8.         Revised the Epic Acuity tool to meet the needs of the patients. The council continues to work with nurses and the EPIC build team to PDCA the new acuity tool. Note: this is a pain point as there is a perception that we manage to the staffing grid vs. using the acuity tool or using together.

9.         Implemented a new Transition to Practice cohort training approach for new grad RNs in 2020.

10.       Implemented a new 12-week orientation for nurse practitioners in RMG—developed via NP feedback.

11.       Created regular shared governance NP meetings to allow for continuing education and practice support/feedback. These meetings are lead by NPs.

12.       2019 Annual Report: The Unit Based Councils continue to work hard at analyzing and creating action plans to reduce falls.  Rehab and MHU-Adolescent made huge progress in decreasing their fall rates.

13.       The council worked with the Vascular Access Team on implementing new IV catheters called Nexiva.  Rainie Doolin (bedside VAT RN) will present the results to the council at the November council. We implemented Nexiva housewide in 2020.

14.       UV Box and Xenex Tent – presented by Infection Prevention RN for approval to senior mgmt. Approved and in use in early 2020.

15.       Bedside RN from OR (Mellody McDonald) presented Child-friendly tablets for perioperative areas to Senior Management in 2019, and was approved and funded in late 2019 for implementation.

16.       Case Management RNs requested assistance for patient transportation at time of discharge.  Funding and support by senior management was approved in 2019 for the Medivan to be used to transport patients from the hospital to home with a goal of transporting 2 patients a day Monday-Friday.

17.       Bedside RN with Research Analyst conducted a Riverside Professional Nurse Evidence Based Practice Study.  Findings include Riverside nurses believing in EBP but implementation (connecting evidence to practice at the bedside) is an area of opportunity. 

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United Way: Change doesn’t happen alone. We need you!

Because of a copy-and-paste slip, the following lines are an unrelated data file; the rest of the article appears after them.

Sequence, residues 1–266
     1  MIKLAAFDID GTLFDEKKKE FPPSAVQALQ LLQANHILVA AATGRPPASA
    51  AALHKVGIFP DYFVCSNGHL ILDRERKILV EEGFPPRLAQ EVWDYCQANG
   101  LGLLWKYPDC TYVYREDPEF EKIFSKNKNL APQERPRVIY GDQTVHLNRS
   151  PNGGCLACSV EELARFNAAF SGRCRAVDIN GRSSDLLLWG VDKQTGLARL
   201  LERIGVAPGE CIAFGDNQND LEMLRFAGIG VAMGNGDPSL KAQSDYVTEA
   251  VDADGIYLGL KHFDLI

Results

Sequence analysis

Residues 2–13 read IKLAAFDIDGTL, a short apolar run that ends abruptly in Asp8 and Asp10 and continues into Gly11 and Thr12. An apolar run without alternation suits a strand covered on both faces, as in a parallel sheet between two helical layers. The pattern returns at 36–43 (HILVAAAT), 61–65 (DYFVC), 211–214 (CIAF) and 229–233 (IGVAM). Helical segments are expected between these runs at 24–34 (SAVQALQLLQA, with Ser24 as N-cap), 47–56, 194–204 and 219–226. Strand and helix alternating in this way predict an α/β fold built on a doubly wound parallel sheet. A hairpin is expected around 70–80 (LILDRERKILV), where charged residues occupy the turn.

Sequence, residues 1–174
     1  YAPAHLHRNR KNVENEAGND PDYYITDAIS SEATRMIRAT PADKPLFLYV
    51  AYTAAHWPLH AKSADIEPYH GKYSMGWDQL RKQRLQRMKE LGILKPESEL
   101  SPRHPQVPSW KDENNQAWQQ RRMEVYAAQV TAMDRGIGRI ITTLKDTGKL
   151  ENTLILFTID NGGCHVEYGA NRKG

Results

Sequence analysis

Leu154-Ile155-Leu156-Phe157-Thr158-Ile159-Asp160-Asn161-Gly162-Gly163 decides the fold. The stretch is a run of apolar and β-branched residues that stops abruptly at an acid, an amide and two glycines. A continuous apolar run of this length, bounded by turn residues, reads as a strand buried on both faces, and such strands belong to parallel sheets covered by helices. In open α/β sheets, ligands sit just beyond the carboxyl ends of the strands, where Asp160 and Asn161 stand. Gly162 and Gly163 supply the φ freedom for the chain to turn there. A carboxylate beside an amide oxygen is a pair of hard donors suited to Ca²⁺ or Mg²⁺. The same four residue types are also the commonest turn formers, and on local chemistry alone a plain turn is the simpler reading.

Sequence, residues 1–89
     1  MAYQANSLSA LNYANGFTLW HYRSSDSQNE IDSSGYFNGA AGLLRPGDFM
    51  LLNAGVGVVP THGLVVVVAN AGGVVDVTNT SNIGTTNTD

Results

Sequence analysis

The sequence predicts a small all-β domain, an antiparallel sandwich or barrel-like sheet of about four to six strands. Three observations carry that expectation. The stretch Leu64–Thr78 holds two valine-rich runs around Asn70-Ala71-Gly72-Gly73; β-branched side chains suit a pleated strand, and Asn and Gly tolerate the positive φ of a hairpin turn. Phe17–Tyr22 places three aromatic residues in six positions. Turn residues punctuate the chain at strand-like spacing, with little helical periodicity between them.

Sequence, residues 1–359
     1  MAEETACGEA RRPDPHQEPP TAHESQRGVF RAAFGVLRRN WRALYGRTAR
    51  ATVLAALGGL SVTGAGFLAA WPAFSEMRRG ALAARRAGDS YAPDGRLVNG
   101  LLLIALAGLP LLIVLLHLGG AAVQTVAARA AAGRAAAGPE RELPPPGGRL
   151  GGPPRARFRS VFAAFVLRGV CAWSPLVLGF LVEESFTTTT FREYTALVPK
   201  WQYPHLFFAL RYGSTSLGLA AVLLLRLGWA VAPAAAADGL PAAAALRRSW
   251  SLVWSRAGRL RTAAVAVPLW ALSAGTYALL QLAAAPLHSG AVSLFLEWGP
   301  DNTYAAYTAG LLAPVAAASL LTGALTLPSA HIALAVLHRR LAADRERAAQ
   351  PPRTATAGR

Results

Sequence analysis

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It’s the last stretch of our United Way campaign. This year, we came together in a BIG way to help our community. Let’s keep our momentum going.

Every gift counts. Join us and make your gift by December 31.

If you haven’t yet given, pledge forms are available for download here. They are also available on Rivernet or from Nancy Moore. Completed forms can be sent to Nancy Moore or Human Resources.

Thank you for your continued support,

Nancy Moore
Riverside Healthcare
United Way Campaign Chair
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United Way: Let’s strengthen our community, together


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We’ve made great progress towards Riverside’s campaign goal. But we still need your help.

There is still time for you to make an impact in your community. Helping people in our community thrive is what United Way fights for every day.

Make your pledge today to building a stronger, healthier region. When we LIVE UNITED, you help local people thrive. Whether that’s finding solutions to hunger, supporting kids who need extra support in school, helping people who are homeless, addressing community-wide trauma, or other social crisis – it’s about standing up to the complex causes of our region’s most daunting problems.

Already made your gift to United Way? Thank you for your continued support and devotion to your neighbors.

If you haven’t yet given, pledge forms are available for download here. They are also available on Rivernet or from Nancy Moore. Completed forms can be sent to Nancy Moore or Human Resources.

We’re almost to the finish line!

Thank you,

Nancy Moore
Riverside Healthcare
United Way Campaign Chair